Wefan Gymraeg

Still no evidence that Welsh Government’s education policies can raise standards - Aled Roberts

Commenting on the Annual Report by the schools inspectorate in Wales, Estyn, which was published today, Aled Roberts, Welsh Liberal Democrat Shadow Minister for Education in the National Assembly, said:

"Yet again, Estyn's annual report is sombre reading.

"Last year's report highlighted a number of failures in the system, but it also included examples of best practice so that all schools could work towards improvement.

"It appears that lessons are not being learned: standards in primary schools are very similar to last year, with very few being marked as "excellent" and around a half requiring follow-up visits.

"The proportion of secondary schools graded as "unsatisfactory" has almost doubled, with over two-thirds of secondary schools inspected last year requiring follow-up visits.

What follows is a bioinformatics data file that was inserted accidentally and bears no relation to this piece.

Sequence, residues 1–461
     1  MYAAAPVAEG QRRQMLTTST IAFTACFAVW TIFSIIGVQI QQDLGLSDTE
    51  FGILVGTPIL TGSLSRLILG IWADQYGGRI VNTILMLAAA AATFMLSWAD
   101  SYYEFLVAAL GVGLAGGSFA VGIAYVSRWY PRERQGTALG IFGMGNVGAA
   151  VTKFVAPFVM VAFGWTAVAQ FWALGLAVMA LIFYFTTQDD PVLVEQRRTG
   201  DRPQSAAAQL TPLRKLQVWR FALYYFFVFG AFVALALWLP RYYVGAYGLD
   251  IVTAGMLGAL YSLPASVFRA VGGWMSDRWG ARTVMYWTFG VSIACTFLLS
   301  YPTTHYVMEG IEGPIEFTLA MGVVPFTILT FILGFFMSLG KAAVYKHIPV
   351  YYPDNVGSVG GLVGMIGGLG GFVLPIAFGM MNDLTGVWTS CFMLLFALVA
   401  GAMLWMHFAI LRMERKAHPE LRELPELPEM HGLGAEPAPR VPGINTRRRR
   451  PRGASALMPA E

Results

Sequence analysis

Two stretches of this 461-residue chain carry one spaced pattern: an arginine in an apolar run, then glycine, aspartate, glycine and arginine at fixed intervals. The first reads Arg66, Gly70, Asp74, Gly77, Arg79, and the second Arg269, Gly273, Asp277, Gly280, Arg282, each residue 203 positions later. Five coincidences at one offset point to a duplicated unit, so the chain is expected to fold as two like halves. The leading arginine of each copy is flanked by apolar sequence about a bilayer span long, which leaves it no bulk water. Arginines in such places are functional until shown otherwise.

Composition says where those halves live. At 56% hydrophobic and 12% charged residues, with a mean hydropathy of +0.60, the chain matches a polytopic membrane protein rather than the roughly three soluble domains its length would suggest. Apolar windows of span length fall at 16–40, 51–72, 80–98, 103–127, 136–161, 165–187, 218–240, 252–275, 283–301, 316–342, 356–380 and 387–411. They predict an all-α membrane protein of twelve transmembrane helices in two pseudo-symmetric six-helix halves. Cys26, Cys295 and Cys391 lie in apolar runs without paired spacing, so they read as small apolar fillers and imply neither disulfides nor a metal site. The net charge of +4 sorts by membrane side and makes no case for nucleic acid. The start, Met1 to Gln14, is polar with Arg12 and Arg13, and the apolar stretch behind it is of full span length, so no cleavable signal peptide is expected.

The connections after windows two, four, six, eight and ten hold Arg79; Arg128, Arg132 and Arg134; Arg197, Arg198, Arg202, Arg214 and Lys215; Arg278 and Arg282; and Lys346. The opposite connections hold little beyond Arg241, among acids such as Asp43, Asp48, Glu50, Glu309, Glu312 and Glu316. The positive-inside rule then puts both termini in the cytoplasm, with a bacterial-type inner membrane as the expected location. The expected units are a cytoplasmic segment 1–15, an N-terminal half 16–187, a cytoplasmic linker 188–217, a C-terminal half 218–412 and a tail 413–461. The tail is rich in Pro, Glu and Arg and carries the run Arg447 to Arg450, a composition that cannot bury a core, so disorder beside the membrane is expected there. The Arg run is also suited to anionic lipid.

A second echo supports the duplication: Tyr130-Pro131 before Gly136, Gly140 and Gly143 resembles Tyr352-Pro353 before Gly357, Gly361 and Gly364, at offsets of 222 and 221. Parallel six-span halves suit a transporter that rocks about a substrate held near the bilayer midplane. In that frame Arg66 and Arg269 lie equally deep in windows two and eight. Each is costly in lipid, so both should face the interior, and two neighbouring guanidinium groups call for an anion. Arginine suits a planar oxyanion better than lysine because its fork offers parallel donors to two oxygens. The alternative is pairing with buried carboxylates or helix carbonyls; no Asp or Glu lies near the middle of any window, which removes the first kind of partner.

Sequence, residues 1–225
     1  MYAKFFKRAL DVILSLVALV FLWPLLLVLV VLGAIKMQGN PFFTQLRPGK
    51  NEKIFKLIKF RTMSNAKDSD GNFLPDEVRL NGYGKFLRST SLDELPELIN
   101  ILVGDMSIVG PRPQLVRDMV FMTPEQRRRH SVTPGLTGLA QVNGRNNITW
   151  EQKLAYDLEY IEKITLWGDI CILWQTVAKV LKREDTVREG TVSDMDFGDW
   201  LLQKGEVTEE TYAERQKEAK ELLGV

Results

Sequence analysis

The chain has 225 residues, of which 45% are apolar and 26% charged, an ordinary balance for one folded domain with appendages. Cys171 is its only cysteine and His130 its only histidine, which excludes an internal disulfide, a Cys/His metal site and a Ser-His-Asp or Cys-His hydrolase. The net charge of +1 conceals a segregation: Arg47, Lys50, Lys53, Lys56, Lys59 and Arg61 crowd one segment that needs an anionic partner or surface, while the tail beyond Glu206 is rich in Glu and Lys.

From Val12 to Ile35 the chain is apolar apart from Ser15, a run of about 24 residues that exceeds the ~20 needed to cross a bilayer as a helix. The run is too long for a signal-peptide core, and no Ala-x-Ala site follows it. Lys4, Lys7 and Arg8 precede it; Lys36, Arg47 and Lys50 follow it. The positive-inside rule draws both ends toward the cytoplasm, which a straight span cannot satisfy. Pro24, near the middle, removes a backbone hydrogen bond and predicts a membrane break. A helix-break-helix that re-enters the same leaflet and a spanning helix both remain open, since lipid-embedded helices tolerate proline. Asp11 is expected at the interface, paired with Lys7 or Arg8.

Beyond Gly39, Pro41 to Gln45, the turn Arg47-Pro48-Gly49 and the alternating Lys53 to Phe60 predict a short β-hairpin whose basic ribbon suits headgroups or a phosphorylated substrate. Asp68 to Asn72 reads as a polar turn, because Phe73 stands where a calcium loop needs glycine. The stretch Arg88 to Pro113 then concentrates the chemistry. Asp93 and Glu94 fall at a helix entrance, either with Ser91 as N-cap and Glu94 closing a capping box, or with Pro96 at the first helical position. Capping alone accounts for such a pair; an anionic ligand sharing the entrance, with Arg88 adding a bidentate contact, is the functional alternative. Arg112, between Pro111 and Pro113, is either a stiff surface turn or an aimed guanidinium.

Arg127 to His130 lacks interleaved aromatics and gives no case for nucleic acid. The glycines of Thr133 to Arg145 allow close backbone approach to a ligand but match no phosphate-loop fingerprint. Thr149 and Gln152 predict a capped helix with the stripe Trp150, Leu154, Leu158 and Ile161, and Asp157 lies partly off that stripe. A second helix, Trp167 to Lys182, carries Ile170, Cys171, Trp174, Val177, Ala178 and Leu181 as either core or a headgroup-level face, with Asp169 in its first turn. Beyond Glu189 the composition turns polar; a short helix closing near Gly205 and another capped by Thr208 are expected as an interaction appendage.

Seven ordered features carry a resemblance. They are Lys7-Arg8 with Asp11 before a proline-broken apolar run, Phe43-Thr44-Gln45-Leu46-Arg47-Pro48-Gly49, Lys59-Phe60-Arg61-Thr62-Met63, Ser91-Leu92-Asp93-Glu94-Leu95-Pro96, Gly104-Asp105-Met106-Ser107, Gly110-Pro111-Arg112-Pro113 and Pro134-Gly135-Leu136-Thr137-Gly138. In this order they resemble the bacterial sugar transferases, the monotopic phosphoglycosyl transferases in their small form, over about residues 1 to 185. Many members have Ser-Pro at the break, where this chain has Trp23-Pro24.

"Literacy and numeracy standards are still judged to be not good enough, and the wellbeing of youngsters in pupil referral units was graded as either "adequate" or "unsatisfactory" in over half of those inspected.

"The report highlights what a difference good teachers and sound leadership can make to a school, but also points out that there are not enough opportunities for heads or senior leaders to receive the training they need to improve their leadership skills and this is something I will be taking up with the Minister.

"I welcome Estyn's view that tracking pupil progress is essential to achieving improvements and I look forward to debating the report in the Siambr in due course.

"However, I believe that this latest report highlights significant problems with the Welsh Government's approach to education and I have tabled an Urgent Question to the Education Minister for answer in the Siambr today".

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